second-hand Pentax 35mm camera, bought from that other Hipgnosis team
‘Po’ Powell, or from Storm Thorgerson who also claims he
used a 35mm for the job. (Although his favourite camera at that time was
a Hasselblad 500 c, as used for the Floyd’s Ummagumma cover a couple of
There will always be an enigma surrounding the cover shoot of The Madcap
Laughs. The 1978 book Walk Away René (The Work of Hipgnosis) contains a
detailed description of every picture in the book, except for… The
Madcap Laughs. Unfortunately Storm’s negatives have been lost,
so there will never be a Psychedelic Renegades from his hand.
Psychedelic Renegades, and then we finally get to the subject of
this blog entry, is the photo book Mick Rock made in 2002. The first
edition, by Genesis,
had 320 copies autographed by R.K. Barrett that are worth a small
fortune nowadays. In 2007 a regular edition was published by Plexus
Books (European edition) and Gingko
(for the USA).
There is a possibility that the Mick Rock photo shoot took more than one
day. The pictures in his apartment were taken, together with Storm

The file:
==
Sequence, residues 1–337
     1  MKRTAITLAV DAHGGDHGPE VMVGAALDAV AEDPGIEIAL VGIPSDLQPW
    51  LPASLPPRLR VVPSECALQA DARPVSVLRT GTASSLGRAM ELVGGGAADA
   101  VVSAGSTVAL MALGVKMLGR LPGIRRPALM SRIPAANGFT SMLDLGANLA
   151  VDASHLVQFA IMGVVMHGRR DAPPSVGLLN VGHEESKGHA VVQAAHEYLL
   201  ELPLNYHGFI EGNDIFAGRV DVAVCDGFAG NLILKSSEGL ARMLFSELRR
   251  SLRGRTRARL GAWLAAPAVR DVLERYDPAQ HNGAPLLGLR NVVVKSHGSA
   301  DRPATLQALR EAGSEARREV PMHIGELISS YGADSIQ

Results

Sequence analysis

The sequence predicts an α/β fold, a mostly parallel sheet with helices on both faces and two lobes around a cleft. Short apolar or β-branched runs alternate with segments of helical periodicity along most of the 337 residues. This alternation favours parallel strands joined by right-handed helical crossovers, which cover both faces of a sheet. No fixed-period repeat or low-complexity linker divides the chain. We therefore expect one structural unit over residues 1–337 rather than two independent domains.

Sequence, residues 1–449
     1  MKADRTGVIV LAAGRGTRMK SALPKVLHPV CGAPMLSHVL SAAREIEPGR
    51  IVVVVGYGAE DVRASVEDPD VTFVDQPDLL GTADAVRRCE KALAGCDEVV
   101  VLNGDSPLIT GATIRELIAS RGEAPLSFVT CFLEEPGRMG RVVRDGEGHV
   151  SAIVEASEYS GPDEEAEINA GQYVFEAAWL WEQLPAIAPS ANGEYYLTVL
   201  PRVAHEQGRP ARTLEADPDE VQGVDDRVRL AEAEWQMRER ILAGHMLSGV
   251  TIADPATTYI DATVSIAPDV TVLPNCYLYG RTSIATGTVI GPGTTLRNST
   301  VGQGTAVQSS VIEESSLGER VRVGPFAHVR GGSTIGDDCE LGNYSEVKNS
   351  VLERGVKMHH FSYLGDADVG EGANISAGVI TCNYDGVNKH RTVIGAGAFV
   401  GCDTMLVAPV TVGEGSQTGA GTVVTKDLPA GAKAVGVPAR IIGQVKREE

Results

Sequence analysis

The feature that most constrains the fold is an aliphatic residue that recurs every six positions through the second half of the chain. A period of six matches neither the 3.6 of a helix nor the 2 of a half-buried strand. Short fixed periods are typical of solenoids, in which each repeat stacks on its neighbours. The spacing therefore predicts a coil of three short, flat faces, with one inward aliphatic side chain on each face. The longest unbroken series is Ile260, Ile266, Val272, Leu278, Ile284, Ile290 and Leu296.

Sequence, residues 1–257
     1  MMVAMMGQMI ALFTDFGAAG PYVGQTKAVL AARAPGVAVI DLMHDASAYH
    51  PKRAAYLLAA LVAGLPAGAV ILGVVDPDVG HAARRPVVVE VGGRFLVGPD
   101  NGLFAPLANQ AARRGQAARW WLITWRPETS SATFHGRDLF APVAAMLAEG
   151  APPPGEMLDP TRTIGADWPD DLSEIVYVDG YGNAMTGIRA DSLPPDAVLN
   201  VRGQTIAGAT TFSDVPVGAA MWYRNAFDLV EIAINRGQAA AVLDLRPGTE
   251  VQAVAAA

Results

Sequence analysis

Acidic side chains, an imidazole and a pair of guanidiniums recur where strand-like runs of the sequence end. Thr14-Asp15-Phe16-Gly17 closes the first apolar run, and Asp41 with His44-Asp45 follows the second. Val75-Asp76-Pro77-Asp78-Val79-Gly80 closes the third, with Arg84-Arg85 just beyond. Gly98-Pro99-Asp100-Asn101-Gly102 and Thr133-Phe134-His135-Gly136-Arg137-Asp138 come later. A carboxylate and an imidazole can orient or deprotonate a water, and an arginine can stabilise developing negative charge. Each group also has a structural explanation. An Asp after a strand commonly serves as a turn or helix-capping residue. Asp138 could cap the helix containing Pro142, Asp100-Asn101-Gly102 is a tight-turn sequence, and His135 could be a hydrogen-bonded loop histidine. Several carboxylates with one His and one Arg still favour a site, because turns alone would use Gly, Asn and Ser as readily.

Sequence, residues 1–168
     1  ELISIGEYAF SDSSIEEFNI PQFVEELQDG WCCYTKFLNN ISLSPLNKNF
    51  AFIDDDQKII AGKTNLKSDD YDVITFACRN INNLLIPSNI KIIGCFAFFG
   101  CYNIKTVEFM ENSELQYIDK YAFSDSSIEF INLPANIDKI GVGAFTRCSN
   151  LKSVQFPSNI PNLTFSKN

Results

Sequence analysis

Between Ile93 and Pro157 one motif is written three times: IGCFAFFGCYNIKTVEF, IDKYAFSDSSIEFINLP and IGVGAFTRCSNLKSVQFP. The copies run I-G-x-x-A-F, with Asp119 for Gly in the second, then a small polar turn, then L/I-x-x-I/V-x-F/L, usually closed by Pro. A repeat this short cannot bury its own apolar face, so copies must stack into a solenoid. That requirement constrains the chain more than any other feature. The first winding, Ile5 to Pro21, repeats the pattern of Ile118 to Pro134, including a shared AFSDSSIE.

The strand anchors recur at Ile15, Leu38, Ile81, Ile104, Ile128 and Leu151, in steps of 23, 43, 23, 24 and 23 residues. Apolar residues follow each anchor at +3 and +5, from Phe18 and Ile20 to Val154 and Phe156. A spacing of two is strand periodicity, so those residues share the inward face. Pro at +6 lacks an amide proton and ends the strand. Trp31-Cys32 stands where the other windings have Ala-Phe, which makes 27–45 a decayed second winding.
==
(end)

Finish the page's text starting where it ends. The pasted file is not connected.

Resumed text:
Thorgerson. The outside pictures date (perhaps) from the next day.
Nobody can be really sure and Rock isn’t the most reliable witness to
say the least. On page 18 he writes:
We shot The Madcap Laughs in the autumn of 1969 and I don’t think that
Syd and Duggie Fields had been living in the flat that long.
The above is a contradiction as Syd moved in the apartment end 1968,
furthermore the research of JenS,
who was a friend of Syd and Ig, shows that the pictures were probably
taken in April of 1969. Rock also states that:
Syd’s car was a conspicuously bright pink Pontiac Parisienne convertible.
However the few colour pictures of the car show it was (midnight) blue.
But the Church will no longer go further in this matter, if you want you
can read all about in some previous posts, for instance When
Syd met Iggy... (Pt. 2).
About 20 pictures of the book show us a glimpse of Ig, who is described
by Rock as follows…
Known only as Iggy, the half-Eskimo girl had momentarily made her way
into Syd’s life, and flat, at the time when these photos were taken.
Though not part of the original shoot plan, Iggy was an intriguing
accomplice. With no job and little to call her own, Iggy epitomised the
free natured spirit of the psychedelic underground.
The Holy Church of Iggy the Inuit is very proud to announce you 3 new
Iggy galleries: Street
Life, black & white pictures of Iggy in front of the house and
Flat, colour pictures of Iggy, walking around in the nude and
posing on the background in Syd's apartment. Rock
Bottom, black & white nude study of Ig.